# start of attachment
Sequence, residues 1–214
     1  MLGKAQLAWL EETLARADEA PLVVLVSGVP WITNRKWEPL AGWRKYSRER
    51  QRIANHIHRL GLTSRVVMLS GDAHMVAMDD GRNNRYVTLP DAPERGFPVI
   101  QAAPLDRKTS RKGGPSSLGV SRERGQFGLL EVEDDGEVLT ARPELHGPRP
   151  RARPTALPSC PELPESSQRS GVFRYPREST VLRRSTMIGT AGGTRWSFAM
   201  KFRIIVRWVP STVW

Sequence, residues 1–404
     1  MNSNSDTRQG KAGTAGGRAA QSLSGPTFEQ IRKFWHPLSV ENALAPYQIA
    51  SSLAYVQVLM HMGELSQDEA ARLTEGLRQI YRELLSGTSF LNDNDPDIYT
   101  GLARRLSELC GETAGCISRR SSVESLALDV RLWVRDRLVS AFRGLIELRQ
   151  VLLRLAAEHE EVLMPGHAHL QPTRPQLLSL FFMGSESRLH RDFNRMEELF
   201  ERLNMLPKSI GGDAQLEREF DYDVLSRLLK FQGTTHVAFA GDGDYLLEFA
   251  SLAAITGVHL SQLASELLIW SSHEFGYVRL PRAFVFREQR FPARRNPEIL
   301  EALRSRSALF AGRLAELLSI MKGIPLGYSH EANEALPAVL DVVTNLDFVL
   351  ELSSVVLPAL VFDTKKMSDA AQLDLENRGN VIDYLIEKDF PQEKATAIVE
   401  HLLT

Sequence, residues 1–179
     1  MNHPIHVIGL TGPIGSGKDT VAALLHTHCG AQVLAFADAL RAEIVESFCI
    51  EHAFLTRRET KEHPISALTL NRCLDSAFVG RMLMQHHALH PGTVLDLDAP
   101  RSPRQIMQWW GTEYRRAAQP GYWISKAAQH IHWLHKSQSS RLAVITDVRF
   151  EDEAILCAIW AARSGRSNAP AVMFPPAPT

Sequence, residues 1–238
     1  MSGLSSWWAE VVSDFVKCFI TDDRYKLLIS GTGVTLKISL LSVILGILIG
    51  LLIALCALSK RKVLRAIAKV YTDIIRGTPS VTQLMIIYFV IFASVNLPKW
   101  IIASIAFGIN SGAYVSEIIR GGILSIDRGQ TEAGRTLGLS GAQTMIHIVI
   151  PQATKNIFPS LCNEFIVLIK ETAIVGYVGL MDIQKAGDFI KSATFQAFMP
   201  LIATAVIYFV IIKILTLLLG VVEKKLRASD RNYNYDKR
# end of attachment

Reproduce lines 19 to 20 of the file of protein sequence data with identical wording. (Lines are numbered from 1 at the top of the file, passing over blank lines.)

    51  EHAFLTRRET KEHPISALTL NRCLDSAFVG RMLMQHHALH PGTVLDLDAP
   101  RSPRQIMQWW GTEYRRAAQP GYWISKAAQH IHWLHKSQSS RLAVITDVRF